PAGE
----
So all things put together, we believe it is necessary for both serious and novice composters to get hold of a composting thermometer. This is especially important as we are increasingly convinced that hay is absolutely a wonderful and critical material for completely fuss-free apartment composting in tropical climates.
I’ll soon be adding the usage of hay to the Kainosis™ Composting Manifesto too. All that said, let us consider the options available:
Looking for Compost Thermometers
First of all, we have all along been swayed by Joseph Jenkins’ choice of compost thermometers. We can’t help it, his work has been an immense influence on ours. He supports Reotemp compost thermometers and carries the brand on his web store. Just a note: if you are intending to get a hard-copy of his book, I would highly recommend going for the package that comes with a compost thermometer. However if you just want to get the book, you can get it here at Amazon as well. (Psst, our local library carry a few copies of the book too. Just search for ‘The Humanure Handbook’ by Joseph Jenkins or… download the book here.)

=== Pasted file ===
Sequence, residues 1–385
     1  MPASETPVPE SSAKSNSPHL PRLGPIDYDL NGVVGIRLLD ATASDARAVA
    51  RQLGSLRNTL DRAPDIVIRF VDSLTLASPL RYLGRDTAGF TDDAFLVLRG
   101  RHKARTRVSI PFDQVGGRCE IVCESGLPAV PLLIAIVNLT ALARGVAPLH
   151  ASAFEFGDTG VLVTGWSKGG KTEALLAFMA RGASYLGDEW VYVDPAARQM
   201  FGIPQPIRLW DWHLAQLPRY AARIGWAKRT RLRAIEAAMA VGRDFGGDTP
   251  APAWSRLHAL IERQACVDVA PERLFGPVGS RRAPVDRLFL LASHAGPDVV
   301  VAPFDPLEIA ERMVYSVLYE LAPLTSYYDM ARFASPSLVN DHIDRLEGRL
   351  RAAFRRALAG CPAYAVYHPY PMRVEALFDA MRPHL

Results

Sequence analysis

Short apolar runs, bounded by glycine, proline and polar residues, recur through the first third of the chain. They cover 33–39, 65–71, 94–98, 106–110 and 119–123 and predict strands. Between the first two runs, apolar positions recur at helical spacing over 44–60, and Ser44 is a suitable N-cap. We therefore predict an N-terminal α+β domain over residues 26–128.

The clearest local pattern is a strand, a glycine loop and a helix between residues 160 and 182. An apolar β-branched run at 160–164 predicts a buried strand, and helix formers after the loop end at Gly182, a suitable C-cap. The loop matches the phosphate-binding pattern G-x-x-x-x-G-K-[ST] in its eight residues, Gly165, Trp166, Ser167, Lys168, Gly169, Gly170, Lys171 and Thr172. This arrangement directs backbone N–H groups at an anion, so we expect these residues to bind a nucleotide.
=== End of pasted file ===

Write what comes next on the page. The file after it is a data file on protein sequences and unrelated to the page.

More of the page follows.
Other than that, our search for compost thermometers in Singapore had remained mostly fruitless; the only notable point was that Reotemp has their own online store as well. However this actually turned out to be more frustrating than helpful, I couldn’t figure out whose listing was correct – Jenkins’ web store, Reotemp’s web store and Reotemp’s main web site all held slightly different variations of products. I couldn’t tell if they were all the same thing or if there were indeed a few versions out there.